There are moments when a sudden shift in circumstances, perhaps precipitated by an external event, sweeps away our familiar certainties; and from that day froward everything is different.
When the chance to take a different path presents itself—whether it feels like a gentle rain or a thunderbolt–we may also sense that everything inside us is shifting too.
I’ve been taking a class on “Prayer” and gradually discovering that, while sometimes things change suddenly, at other times they only evolve slowly, degree by degree.
If, ten years ago, someone had told me that they were taking a course on prayer, I’d have thought to myself: you can’t learn to pray any more than you can get a degree in being a taller person. But now, half way through this course, I’m glad to find myself open to the possibility that prayer is a skill which I can learn and that I have just never looked for that kind of openness to already be present inside me.
Perhaps prayer doesn’t have to be a cry wrenched out of me because I lie broken on the wheel of circumstance. Perhaps it can be a practice I work on in quiet times, as I might prepare for an earthquake while the ground is steady beneath my feet; when no traumatic events are coming over the horizon, no rocky shoals banging against my life ship’s hull.
Since a relationship with the sacred is a foundation for prayer, I am now reciting ancient prayers in ancient languages, while reassuring my western mind that this has produced positive results for people whom I respect and admire. It’s an act of faith, but one that is not entirely blind. During retreats, chanting “Om, Ah, Hum” before meals, I have felt those syllables, over the passing days, reverberating deeply inside me.
Reciting phrases that evoke few associations for my rational mind, it can seem that I am repeating sounds mechanically with no understanding. But I remind myself that most of the things I do every day are also done with scant awareness, and that patience is needed when learning something new. And now, I am working on loosening habits and attitudes that I have had for a long time, which have served to cloak deep longings within me.
The film “Titanic” illustrates this process. First, we must become aware of how distraction in the wheel house of our daily lives and misguided motivations (such as sacrificing authentic intention for public recognition), have set us on our current disastrous course. Then, as we scramble in a belated attempt to escape the consequences, we can only watch helplessly as we realize that little is left to us but to pray. Our new intentions may slowly begin to influence what is happening, but by now it may be too late to escape the hidden, underwater mass of the iceberg whose visible portion is coming ineluctably closer through the moonlit night. And when the disaster we didn’t see coming is full upon us, we may finally understand that everything is precious, because nothing ever lasts.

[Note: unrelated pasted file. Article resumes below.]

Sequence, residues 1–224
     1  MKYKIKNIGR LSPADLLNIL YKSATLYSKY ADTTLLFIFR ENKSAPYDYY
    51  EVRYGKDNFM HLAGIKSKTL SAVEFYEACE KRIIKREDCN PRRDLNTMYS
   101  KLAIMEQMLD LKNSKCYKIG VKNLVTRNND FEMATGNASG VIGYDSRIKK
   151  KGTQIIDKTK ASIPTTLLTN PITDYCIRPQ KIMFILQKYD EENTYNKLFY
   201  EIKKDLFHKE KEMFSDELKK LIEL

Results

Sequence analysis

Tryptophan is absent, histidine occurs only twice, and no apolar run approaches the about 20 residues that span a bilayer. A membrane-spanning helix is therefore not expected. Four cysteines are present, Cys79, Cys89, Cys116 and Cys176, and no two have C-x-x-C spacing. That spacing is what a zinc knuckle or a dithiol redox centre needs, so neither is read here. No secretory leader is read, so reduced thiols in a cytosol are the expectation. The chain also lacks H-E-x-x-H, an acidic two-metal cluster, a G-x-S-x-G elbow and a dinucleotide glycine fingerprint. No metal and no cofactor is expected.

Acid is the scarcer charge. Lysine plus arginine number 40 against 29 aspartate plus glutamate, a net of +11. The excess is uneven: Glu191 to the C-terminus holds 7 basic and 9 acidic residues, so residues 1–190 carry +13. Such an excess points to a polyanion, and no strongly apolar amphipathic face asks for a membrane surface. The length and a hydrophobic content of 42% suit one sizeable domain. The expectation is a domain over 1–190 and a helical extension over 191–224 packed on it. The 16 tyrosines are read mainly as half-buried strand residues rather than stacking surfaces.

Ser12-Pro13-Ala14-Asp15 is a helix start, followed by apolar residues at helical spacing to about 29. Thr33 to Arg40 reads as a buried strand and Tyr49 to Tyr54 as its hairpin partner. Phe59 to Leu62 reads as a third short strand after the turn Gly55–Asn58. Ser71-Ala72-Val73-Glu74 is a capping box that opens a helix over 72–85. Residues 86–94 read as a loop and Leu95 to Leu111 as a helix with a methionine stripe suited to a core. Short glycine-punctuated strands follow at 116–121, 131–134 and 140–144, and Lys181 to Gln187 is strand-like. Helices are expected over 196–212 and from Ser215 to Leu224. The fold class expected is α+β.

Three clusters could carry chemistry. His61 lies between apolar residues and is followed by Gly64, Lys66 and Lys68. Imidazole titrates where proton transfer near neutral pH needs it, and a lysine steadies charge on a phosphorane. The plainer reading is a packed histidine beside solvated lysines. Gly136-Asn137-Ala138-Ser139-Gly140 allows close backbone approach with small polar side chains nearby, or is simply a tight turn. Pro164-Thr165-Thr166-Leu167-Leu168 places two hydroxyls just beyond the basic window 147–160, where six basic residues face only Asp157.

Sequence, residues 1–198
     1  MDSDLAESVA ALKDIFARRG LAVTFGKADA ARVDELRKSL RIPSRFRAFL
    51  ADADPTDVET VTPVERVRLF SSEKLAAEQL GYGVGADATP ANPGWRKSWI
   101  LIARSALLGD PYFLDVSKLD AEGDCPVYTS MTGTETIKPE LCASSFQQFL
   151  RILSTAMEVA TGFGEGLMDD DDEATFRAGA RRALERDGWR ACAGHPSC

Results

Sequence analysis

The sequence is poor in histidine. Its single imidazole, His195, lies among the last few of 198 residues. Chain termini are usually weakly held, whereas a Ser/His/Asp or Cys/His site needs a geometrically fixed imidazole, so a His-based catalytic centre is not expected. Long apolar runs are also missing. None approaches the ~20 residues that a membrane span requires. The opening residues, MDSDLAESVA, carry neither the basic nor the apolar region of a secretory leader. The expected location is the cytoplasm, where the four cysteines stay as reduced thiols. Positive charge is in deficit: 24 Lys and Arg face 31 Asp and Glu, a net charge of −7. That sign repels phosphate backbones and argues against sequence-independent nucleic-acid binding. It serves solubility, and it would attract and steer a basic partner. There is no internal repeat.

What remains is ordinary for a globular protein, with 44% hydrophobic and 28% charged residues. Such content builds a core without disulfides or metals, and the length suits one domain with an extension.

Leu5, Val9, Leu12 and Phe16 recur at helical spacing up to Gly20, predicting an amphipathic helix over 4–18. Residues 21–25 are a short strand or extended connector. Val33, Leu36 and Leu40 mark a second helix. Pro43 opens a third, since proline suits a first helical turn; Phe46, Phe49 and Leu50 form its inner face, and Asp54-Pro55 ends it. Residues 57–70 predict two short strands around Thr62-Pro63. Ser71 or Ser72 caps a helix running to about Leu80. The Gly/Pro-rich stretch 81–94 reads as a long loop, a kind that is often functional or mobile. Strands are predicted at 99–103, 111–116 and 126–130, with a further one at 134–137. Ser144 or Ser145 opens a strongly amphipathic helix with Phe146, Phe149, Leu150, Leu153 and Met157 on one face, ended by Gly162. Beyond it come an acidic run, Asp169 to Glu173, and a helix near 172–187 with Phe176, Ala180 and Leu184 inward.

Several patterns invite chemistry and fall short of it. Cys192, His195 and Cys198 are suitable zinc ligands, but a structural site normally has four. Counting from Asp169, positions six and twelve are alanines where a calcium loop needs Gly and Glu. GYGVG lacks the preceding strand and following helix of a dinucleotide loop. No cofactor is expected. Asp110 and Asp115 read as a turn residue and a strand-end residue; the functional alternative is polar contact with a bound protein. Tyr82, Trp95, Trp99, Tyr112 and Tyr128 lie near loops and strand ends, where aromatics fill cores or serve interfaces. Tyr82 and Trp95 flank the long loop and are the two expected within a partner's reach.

Even disasters that tear our lives asunder can serve a purpose. They can turn us toward awareness of the sacred. As long as ignorance prevents us from seeing the truth—that nothing we care about lasts in this world—we cannot understand that the sacred is not one of those impermanent things. We are always sailing along on the boundless sea of eternity, and when oblivion finally loosens its grips on our minds, and we can only watch helplessly as the ocean fills one compartment after another, while plates and glasses are crashing onto the galley floor, and when finally, like a sounding whale, our ship dives down into the cold, dark water, then we may finally be able to relax our struggle to keep our illusions intact. Then we may realize that we have always been free to celebrate these few precious moments up here in the sun,
When the deck chairs start sliding toward the bow and its time to put away our violins and cellos, we will quietly bow to one another and say, “It’s been an honor.”